From outward appearances, the contrast between the Lincoln High School students and their host students at a high school in the New Territories in Hong Kong couldn’t have been starker.
They lined up to greet the visitors from Tacoma on Sunday in their school uniforms, the girls in sailor-type attire with pleated white dresses that reached below their knees, white socks and black shoes. Some boys and girls wore Scout uniforms.
The Lincoln students dressed as typical U.S. teenagers in jeans and shirts, some bearing the name of their school.
But it didn’t take long before any perceived barriers broke down.
“Selfie, selfie,” some of the Hong Kong students requested, and the Lincoln students complied.
They exchanged Snapchat, Instagram and WeChat information, promising to keep in touch.
“They’re all very cute,” one Hong Kong girl gushed later about Lincoln’s boys.
Four male Lincoln students, in particular, soon became very popular, posing for what they estimated were at least 30 selfies.
“They were so excited to see us,” said Zavier Huebner. “They would turn their heads and giggle.” Others in his group were Caleb Ford, Brandin Porter and Michael Altop.
But while they enjoyed the attention, they also were impressed by the rigor of the school, Shun Tak Fraternal Association Yung Yau College in the New Territories in Hong Kong. Its diverse study body of more than 900 students has similarities to Lincoln’s, with about 70 percent of the students coming from low-income families. The school also receives government subsidies.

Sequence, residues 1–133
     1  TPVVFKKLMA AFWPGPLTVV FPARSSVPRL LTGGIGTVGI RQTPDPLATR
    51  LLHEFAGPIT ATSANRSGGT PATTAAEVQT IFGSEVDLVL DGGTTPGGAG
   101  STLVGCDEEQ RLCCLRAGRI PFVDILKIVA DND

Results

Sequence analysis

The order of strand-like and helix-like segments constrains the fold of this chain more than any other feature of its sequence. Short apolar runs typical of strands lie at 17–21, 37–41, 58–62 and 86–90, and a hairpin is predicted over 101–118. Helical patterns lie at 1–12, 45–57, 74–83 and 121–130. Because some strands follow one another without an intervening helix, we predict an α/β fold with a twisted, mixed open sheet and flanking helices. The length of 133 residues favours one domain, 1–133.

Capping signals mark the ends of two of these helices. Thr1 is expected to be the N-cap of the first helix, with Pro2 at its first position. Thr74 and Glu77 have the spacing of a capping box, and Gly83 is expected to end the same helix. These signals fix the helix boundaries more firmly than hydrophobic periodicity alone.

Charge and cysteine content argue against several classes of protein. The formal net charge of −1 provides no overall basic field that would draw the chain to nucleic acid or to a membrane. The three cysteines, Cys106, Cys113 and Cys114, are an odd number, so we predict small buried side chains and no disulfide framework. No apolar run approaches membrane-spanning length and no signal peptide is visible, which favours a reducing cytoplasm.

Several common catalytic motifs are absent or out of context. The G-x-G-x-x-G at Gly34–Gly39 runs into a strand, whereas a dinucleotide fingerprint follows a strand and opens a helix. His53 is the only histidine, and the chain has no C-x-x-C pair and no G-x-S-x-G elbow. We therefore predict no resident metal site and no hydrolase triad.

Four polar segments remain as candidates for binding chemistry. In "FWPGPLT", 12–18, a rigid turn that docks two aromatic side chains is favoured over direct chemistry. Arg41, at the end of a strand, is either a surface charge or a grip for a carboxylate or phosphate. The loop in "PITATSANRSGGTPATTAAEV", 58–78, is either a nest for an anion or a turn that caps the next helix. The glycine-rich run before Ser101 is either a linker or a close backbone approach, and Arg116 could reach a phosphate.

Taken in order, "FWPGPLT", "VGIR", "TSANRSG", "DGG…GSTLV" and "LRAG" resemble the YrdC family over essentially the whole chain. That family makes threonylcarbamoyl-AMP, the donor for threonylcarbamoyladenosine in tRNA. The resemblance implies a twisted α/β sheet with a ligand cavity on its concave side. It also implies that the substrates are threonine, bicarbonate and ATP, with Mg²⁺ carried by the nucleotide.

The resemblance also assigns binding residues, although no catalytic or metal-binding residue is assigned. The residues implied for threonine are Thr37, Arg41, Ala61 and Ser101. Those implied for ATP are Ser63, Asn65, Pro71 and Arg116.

The school stresses studies in 3D computer animation, information and communication technology, and science. During Sunday’s visit, school officials touted the accomplishments of the students and school in various competitions.
“I feel like they take school here a lot more seriously than we are used to,” Huebner said.
School days are much longer at the Hong Kong school, and the use of social media is not allowed in class, Lincoln students said they were told.
“Their sports are like math fairs and science fairs,” Huebner said. “Our sports are like baseball and football.”
The visit was rescheduled for Sunday, because Monday is a holiday. About 150 Hong Kong students participated in welcoming the Tacoma students.
Patrick Erwin, Lincoln’s principal, said: “I thought it was incredibly helpful for our students to see how schools work in other parts of the world.”
Erwin said his students “saw some commonalities, but they also saw a high level of performance from kids who come from similar backgrounds. I think they’re excited that they are up to the challenge in a different way.”
Klarissa Lumsden, a Lincoln student, echoed her principal’s comments. “I think it was cool to see other people’s culture. It was a really welcoming school.”
The Lincoln students got a chance to play some unusual instruments at the school, including a plucked-string instrument with origins in the Middle East centuries ago.
They also tried unfamiliar cuisine, including taro sago in coconut milk, pork dumplings and an egg tart.
Near the end of the visit, a number of Lincoln’s students joined their hosts in singing “Do-Re-Mi” from the “Sound of Music,” which elicited hand-waving and clapping from the audience. They finished with “Auld Lang Syne,” then formed a line to wave and say goodbye to their new friends from Tacoma.
For some of the Hong Kong students, that wasn’t enough. Several of the girls boarded a bus to say one last goodbye.
Jonathan Nesvig, a former News Tribune reporter and copy editor, is traveling with the Lincoln High School students while they are in China. He will share updates throughout the trip.